These days it’s fair to suggest first baseman Freddie Freeman is the face of the Atlanta Braves. He’s had a solid career thus far and— assuming baseball and American life re-discover normalcy if and when the coronavirus world tour finally dissipates—it’s safe to assume he’ll continue that way when healthy.
He’s had a few seasons interrupted by injuries and one truncated season-to-be interrupted rudely by COVID-19 itself. It was enough to make him thankful for his recovered health and the small things, considering the shake he incurred while suffering with the illness.
When baseball began its “summer camp” version of delayed spring training, Freeman was one of four Braves to test positive for the coronavirus. Pitcher Touki Toussaint showed no symptoms, though, and returned to the Braves on Friday. The other two—lefthanded relief pitcher Will Smith and utility infielder Pete Kozma—haven’t returned yet.
And, there came one point where Freeman feared he’d go from incumbent Brave to dead duck. That was the day his fever spiked to 104.5, usually the level at which you’d also suffer pneumonia. (Fair disclosure: your servant has fought and beaten pneumonia twice in his adult life.) It also spiked him into prayer.
“I said a little prayer that night,” he told a Saturday conference call. “I’ve never been that hot before. My body was really, really hot . . . I said ‘Please don’t take me,’ because I wasn’t ready.”
Freeman’s coronavirus adventure began when—after he “tested negative on the intake” and felt “great” on 30 June—he awoke two days later in the wee small hours feeling a swarm of body aches. “I didn’t know,” he said. “It didn’t cross my mind that it was coronavirus when I woke up that morning.”
It’d cross his mind soon enough, alas.
“I went to bed late and didn’t get enough sleep,” Freeman continued. “So I took some Tylenol, some ZzzQuil and finally got back to bed. Then I woke up around 11:30 and I immediately grabbed my phone and texted my wife and said, ‘Something is wrong. I need you to bring a thermometer.’ They gunned my forehead and it said 102 fever. I looked at it and said, ‘I think I need to call George (Poulis, the Braves’ trainer). I think something is different’.”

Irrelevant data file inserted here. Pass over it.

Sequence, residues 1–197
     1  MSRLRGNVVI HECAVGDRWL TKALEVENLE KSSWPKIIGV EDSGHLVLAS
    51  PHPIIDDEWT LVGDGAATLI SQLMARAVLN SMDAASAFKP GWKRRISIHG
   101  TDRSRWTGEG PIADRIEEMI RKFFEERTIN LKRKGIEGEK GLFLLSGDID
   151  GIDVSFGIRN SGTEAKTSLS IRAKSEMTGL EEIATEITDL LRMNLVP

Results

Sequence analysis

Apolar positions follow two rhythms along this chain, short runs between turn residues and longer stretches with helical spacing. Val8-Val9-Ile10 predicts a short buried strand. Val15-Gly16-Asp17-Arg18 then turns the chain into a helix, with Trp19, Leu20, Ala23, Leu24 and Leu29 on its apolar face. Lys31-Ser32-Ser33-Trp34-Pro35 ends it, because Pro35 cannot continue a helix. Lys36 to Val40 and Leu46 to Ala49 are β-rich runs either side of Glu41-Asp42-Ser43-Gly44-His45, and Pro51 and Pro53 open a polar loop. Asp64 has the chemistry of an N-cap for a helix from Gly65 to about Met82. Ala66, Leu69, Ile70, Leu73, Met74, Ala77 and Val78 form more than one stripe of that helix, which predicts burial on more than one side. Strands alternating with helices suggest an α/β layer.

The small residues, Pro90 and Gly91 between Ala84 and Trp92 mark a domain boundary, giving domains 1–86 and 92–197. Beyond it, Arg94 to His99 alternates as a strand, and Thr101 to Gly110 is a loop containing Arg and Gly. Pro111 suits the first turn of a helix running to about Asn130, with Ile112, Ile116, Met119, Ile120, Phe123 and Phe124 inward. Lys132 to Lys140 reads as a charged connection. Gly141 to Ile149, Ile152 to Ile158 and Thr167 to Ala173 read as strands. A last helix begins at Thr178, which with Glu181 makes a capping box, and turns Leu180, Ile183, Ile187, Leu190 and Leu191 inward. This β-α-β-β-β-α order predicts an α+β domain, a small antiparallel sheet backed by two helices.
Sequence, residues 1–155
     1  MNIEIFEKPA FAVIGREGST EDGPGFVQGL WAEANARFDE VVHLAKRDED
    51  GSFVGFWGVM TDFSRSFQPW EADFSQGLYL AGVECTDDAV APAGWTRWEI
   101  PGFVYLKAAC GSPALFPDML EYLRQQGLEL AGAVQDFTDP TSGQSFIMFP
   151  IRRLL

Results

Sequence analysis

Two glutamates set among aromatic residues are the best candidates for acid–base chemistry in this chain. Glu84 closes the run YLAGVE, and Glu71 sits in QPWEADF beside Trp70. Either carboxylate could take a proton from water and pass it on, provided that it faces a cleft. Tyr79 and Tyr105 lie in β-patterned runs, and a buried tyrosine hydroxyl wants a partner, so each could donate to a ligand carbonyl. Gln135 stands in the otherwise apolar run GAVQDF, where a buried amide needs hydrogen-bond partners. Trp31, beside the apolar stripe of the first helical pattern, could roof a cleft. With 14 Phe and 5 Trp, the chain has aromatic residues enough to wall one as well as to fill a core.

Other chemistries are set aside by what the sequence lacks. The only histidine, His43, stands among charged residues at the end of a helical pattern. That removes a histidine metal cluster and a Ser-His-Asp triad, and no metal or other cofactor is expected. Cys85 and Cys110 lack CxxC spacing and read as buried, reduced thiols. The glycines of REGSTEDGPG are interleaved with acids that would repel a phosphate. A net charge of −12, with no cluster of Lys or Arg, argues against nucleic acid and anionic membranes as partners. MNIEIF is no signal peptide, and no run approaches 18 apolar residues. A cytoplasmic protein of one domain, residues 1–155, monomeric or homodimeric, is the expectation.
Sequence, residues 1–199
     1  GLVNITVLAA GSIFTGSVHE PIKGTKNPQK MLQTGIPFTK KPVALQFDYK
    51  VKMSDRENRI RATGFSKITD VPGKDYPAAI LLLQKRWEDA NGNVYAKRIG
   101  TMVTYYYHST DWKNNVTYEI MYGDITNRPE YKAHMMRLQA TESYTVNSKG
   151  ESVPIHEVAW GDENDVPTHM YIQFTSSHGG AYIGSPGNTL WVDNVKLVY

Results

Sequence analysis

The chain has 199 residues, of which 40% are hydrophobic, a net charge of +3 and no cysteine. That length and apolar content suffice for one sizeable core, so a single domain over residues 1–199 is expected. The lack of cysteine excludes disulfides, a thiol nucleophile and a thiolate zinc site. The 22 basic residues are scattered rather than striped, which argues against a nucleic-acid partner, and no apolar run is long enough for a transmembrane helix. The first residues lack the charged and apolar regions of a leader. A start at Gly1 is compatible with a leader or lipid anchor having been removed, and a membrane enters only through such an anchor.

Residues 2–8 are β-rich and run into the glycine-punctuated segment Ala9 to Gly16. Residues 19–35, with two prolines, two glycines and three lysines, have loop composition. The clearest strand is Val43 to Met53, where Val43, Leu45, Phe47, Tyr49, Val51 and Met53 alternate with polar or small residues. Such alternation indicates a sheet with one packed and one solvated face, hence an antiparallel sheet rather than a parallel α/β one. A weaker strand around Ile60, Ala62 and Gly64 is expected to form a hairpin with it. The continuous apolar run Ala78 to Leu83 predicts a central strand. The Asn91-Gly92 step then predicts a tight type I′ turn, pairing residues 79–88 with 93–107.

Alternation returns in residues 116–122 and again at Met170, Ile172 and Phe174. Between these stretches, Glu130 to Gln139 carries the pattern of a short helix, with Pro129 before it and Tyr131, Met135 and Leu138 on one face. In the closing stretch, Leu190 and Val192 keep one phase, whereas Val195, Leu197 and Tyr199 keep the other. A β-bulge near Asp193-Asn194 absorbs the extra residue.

It was. The Braves got him a medical appointment, on 3 July, and the test came back positive.
“The crazy thing is, [that] Friday morning, I woke up in a pool of sweat, gunned my forehead and it said 98.2, so I had no fever that morning,” Freeman said. “That was 7:30 in the morning. So I went to the field because I was waiting for the test, I hit, I threw, I worked out and I ran at my house and felt completely fine. By 2 p.m., it hit me like a ton of bricks. I came back and I was like ‘Wow. I’m not feeling very good.’ It just snowballed after that.”
He spiked that shivery 104.5 that night. “Thankfully, George wasn’t awake when I texted him because I probably would’ve gone to the hospital,” he said. “Ten minutes after that, I gunned my forehead again and I was 103.8, then 103.2, then 103.6. So I was like, ‘If I go above 104 again, I’ll probably have to start ringing the phone and try to figure this out.”
That’s about when Freeman began to pray. Awakening the following morning with a mere 101.5 temperature, he figured that much he could take and feel relief. That Friday night, he said, was the worst of it, if you didn’t count that it interfered with fatherhood over the week that followed.
“I’d stand up, get dizzy and I’d have to sit back down. Trying to tell my 3-year-old not to come around me was difficult,” he said. “I wore masks, gloves, I was playing cars with them. Ten minutes after playing cars with them I’d have to sit down. I was a little fatigued and tired. Then, every three hours it felt like I had to take a nap.”